Wednesday, 25 February 2009

Managing through challenging times, Part II

Map Insights
By Manuel V. Pangilinan
BusinessWorld Online
(*Excerpts of speech delivered by the author as guest of honor and inducting officer at the Jan. 30, 2009 MAP inaugural meeting. Mr. Pangilinan is chair of PLDT and MAP Management Man of the Year 2005 Awardee.)

Of course, the simplest approach to government spending is to pay down debt, and benefit from the positive effects of a possible upgrade in creditworthiness. With the decline in debt premium, credit availability at lower cost may spur private sector investments. It must be better to spend nothing but retire public debt, than to spend something but on the wrong things.

The last leg of the tripod concerns government’s capacity to execute the economic stimulus plan, and the confidence it may inspire in the process. Few details so far are known about the plan.

Let me now turn to regulation and governance.

This crisis reflects the greatest regulatory failure in modern history — a failure that cuts across banking supervision to securities and exchange regulation and disclosures, to credit rating oversight.

Apart from the external regulatory breakdown ...governance in corporations had been breached. Board oversight must have been lax and deficient. More importantly, the financial incentives in place favoring the CEO and his senior managers propelled them toward unprecedented greed, excess, and abuse. The banking system was part of the problem — with leverage and exotic financial instruments, which must have befuddled both investors and regulators.

Activist shareholders have proposed a range of measures to encourage chief executives to focus on the long term rather than the next quarter, to give shareholders a say on pay and to make it easier for them to nominate their candidates for board seats.

Ultimately however, any analysis of successful companies shows there is no single governance style that guarantees success. That said, moves to make directors more responsive to shareholders and to open board elections to challengers could be helpful. It can also be useful to tie executive compensation with long-term results by parceling out compensation over a number of years, with provisions for withholding portions, if performance fades. At the end of the day, the best solution to governance is greater transparency.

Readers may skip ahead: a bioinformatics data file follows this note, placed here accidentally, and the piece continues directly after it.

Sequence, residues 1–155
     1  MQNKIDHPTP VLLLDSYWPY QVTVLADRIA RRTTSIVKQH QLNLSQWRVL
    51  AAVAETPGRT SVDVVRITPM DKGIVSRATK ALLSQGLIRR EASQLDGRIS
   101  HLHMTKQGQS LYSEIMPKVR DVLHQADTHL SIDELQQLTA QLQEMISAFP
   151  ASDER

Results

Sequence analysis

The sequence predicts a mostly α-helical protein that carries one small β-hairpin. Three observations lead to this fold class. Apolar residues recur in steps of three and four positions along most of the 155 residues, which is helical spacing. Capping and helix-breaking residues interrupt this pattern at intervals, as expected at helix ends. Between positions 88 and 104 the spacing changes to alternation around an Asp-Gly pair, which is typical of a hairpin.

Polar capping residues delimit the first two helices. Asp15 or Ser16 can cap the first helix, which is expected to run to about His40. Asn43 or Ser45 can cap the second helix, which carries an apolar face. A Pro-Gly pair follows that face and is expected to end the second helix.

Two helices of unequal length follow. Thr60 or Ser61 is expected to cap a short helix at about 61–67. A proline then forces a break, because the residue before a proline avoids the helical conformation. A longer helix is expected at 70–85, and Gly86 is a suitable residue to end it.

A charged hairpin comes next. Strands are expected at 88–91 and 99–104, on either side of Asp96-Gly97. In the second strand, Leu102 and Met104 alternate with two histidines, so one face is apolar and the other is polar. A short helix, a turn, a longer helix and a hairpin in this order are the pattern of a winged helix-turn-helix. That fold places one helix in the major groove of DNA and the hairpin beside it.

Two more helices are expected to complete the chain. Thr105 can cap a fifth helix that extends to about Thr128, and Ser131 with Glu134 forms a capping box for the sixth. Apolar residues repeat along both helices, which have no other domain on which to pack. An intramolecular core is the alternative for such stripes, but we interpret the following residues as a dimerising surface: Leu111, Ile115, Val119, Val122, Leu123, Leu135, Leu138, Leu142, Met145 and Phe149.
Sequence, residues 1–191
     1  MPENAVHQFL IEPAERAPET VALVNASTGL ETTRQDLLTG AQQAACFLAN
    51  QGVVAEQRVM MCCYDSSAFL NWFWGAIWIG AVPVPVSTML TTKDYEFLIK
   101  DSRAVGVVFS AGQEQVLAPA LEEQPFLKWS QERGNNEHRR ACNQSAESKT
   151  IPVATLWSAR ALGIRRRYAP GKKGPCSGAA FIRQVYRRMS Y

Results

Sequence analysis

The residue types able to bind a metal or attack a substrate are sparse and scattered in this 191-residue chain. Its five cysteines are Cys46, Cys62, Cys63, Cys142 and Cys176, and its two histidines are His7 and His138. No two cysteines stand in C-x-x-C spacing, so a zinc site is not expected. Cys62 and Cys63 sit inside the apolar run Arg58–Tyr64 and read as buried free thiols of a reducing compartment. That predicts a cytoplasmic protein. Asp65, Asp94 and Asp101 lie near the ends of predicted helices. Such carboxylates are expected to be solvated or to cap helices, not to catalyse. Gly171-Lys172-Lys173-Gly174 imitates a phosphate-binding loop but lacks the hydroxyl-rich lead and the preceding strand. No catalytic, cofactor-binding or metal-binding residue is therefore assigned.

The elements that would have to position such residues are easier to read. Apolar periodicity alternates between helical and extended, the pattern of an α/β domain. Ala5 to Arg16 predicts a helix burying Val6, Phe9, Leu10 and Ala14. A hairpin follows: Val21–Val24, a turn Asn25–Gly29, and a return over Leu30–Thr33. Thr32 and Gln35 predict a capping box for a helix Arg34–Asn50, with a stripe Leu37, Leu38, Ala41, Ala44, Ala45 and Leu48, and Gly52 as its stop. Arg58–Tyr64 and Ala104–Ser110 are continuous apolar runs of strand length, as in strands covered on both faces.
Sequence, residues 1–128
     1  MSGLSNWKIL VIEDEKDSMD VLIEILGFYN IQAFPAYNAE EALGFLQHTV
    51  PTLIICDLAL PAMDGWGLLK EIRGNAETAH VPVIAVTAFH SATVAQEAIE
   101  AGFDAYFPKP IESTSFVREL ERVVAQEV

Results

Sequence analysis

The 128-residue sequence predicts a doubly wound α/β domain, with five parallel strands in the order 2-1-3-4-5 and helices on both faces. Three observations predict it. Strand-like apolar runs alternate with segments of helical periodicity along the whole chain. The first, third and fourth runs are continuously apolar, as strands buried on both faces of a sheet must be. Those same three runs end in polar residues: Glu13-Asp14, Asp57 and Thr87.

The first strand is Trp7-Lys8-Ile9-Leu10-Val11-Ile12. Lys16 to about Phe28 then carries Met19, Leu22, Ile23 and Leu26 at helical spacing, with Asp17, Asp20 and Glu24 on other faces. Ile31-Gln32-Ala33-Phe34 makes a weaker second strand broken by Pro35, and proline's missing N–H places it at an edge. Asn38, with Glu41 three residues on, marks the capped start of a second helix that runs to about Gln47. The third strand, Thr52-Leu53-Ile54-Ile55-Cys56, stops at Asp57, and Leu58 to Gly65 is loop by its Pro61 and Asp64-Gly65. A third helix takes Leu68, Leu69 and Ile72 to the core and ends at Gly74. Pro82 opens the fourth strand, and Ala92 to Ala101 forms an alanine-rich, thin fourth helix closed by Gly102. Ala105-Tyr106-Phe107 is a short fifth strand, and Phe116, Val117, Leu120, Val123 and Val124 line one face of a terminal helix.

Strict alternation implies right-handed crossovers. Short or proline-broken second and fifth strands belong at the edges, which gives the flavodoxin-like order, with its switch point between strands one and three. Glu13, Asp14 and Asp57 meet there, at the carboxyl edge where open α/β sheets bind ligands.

At PLDT, we recently adopted a new thrust in corporate governance called Enterprise Risk Management. This approach forces us to take a sophisticated and comprehensive look at the principal risks we face — from the risks of typhoon damage or terrorist attacks, to the dangers from competition and access to funding.

Let me move to my final point — poverty and philanthropy.

When times turn rough, resources normally devoted to social work are one of the first to be axed. But the needs of the poor will still have to be addressed even in a downturn. They certainly will not disappear in this crisis. In fact, they will get worse as unemployment rises. The role of corporate philanthropy during this time becomes even more critical than ever. This is a time for all of us to come together.

First Pacific regards 2009 as a year of two halves. In the first half, we’re seeing investment values driven by a contractionary environment, with equity and debt products undervalued but volatile. At some point in the year, these extreme valuations should provide attractive opportunities as risks growth dissipate, and deleveraging pressures ease.

It is this which drives us to encourage our companies to be affirmative in setting their goals despite the crisis; to be mindful of new investment prospects; to stay positive in outlook and spirit.

PLDT is maintaining its 2008 capex level of 27 billion pesos into 2009. Our hospitals group has budgeted over a billion pesos in renovation and equipment capex in the next two years. NLEX will spend 2.1 billion pesos in capex this year, ahead of the 90 million pesos spent in 2008, and is looking at new tollways expansion. Maynilad would have spent 8 billion peso capex this year, compared with 6 billion pesos last year, if tariffs had been adjusted as scheduled.

It is my hope that all of you at MAP will accept the challenge of crisis leadership, which says that it is ourselves who can best solve our problems. Let’s listen to that ancient maxim about leadership, espoused by the philosopher Lao Tzu: "The poor leader is he who the people despise;/ The good leader is he who the people revere;/The great leader is he who the people say, — we did it ourselves."

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